The Jay Chaudhary Webinar was hosted on 31st July 2022. Among many famed accolades, Jay Sir is an innovator, influencer and accomplished entrepreneur, having founded a series of successful companies, the latest being Z Scaler (a public company since March 2018, with a current market capitalisation of $27.6 billion). The Sri Badrika Ashram expresses its sincere gratitude to Jay for supporting its scholarship and mentoring programme; for sharing his life journey and inspiring young minds.
Mentors and successful people are mirrors who reflect the invaluable results of the consistent art of qualitative focusing. A tête-à-tête with the impeccably knowledgeable and successful Jay Chaudhary sowed the seeds of profound self-introspection amongst the SBA’s scholarship recipients. This webinar was hosted online by Sri Badrika Ashram on the 31st of July, 2022.
If you love your life, don’t waste your time because life is time.”
Known for his distinct passion for living life wholly, Jay Chaudhary caught the student’s attention with his opening words. His focus on constraints people faced at different stages in life made the students warm up to him. Students faced the constraints of mounting expenses, arduous study hours, exam nervousness and results. At the same time, he categorised that people at work are embroiled with the rigours of their duties and performance. This monotonous cycle is often marked by stress, he pointed out. Coming from someone who has mastered the art of learning and living, a renewed surge of energy and a shift in perception seemed to envelop all the attendees, including students and mentors.
Jay’s genuine interest in the students became apparent with his query regarding the level of education pursued by the students in the audience. While few would successfully achieve what they were looking for, some would trudge along, and others would probably lose sight. He emphasised discovering and acquiring a constant state of mind to combat this uncertainty. “Feed the mind well. Identify a specific goal and be focused.” This opens the doorway to a consistent state of fulfilment.
Students at the threshold of entering the world on their merit and wanting to engage in entrepreneurial ventures discussed their dilemma of education as a prerequisite for entrepreneurship. It was argued that anyone with money could launch themselves as an entrepreneur. Jay Chaudhary made it clear to students that quick rich pursuits end in disappointments. An ardent fan of teaching, he busted this misleading notion and attributed mediocrity and the imminent failure of many start-ups to the sheer lack of education. Start-ups, he advocated, should be undertaken only if augmented by passion and desire to do something colossal, with the awareness of it being a journey, a long one at that.
Shedding light on recruitments in his company, Jay revealed that degrees were a filtering process. “It is always the knowledge that matters for me,” he voiced, giving students a peek into the mind of what an employer would look for at recruitment.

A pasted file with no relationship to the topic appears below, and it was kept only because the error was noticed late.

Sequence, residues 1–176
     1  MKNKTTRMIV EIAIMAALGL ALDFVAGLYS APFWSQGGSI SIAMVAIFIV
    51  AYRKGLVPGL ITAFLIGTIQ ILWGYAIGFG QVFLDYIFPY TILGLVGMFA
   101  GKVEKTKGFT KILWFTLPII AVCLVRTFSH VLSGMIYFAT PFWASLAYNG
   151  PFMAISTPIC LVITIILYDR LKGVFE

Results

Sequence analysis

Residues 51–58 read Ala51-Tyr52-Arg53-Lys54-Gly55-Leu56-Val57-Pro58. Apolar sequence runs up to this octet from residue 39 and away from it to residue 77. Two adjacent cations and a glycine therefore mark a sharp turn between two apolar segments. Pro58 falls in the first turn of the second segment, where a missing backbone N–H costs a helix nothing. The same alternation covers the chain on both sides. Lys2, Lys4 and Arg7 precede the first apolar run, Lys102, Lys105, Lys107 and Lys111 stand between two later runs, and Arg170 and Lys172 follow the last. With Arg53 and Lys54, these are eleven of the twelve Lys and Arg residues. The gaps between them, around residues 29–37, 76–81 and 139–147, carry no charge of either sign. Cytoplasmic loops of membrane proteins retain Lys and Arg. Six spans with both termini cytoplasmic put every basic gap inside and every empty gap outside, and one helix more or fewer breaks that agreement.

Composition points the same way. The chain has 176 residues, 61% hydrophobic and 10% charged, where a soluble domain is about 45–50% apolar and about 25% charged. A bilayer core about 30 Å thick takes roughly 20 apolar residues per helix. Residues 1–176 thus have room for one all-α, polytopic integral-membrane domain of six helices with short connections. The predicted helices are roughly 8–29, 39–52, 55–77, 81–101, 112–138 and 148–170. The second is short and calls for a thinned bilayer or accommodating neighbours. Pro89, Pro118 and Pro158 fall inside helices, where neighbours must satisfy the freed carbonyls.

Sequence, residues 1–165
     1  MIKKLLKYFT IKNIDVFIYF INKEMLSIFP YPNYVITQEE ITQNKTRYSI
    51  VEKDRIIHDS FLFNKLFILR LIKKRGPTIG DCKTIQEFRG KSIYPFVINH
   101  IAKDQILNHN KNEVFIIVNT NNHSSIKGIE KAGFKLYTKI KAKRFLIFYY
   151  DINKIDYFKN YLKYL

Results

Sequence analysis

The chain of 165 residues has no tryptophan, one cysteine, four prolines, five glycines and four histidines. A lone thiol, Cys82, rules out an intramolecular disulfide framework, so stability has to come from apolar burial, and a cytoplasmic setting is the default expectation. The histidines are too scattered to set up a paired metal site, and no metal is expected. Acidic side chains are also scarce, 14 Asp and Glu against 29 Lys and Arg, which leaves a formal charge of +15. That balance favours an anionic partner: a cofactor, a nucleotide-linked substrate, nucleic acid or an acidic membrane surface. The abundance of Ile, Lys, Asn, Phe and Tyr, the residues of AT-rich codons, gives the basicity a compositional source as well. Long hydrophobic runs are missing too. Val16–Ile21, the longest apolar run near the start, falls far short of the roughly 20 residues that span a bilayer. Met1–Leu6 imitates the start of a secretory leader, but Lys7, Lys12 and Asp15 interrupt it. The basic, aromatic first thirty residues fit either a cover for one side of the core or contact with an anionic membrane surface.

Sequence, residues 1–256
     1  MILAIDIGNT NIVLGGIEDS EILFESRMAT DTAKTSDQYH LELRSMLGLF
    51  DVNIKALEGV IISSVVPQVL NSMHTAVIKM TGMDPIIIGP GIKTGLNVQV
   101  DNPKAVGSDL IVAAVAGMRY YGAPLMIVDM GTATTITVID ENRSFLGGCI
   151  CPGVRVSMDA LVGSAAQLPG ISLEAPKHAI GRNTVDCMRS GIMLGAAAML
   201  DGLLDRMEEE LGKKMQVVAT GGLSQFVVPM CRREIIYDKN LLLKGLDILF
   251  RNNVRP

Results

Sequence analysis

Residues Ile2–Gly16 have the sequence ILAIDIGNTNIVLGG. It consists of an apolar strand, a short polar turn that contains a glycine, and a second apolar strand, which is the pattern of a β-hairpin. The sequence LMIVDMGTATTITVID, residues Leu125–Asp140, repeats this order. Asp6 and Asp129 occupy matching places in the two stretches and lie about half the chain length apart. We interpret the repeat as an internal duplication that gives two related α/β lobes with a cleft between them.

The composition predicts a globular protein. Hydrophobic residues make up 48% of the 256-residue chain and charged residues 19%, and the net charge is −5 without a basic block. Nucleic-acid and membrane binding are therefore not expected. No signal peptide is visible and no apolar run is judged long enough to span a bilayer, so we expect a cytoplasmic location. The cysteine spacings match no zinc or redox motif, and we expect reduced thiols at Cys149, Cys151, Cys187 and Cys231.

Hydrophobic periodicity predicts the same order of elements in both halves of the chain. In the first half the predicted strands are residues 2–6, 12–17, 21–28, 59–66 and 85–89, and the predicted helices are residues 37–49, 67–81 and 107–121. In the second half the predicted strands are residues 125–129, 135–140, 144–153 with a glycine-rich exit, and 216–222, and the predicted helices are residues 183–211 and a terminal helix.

While he appreciated networking for acquiring contacts, sharing experiences and learning, but not at the cost of one’s core stuff and a job that ought to be delivered. Acknowledging the meaningful efforts of a handful of exceptions who succeeded despite education, he urged students to pursue their education at all times. Appreciation, he said, would follow. He illustrated his point with the famous success story example of WhatsApp, which stood out among thousands that never took off or even failed.
“Dealing with people is harder than dealing with technology.”
Jay Chaudhary drew attention to those who would immerse themselves in work for other companies. He explained that the organic growth of a company entails hiring, leading and managing people. Having said so, he also humbly admitted to not succeeding many a time despite adequate preparedness. “Life is never a straight line,” he deduced. He embraced his failures as teachers which guided him to realign and renew his efforts. His mantra of “Do your best and leave the rest to God” motivated him to work hard, go the extra mile, and adopt an attitude of equanimity in the face of failure.
“It’s an Indian perception to view a student who has studied abroad as good, but this perception is now changing”.
Mr. Chaudhary had pursued his higher education in the US, and students wanted to know if degrees attained abroad held more weightage for securing employment.
Jay did not think investing large sums of money in foreign degrees and then returning to India was a good idea. A foreign degree on its own can’t be regarded as an accurate indicator of a candidate’s talent and commitment, he stated. Jay Chaudhary advocated the study of Software Development – the doorway to many jobs – as he strongly believes in the IT space in today’s businesses.
Students listened and retained three predominant impressions – pride in one’s roots, resilience amid adversity and responsibility towards one’s education. Mr Chaudhary came across as a real person as he confessed to seeking to strike a balance between his agrarian background and the world outside his tightly knitted home and closed community. All this was compounded by cultural differences and limited English. This put the young minds at ease and the feeling that they could also aim for the stars.
“Work hard,” he reiterated at the end of the session, “go the extra mile, and deliver more than what you are paid for.”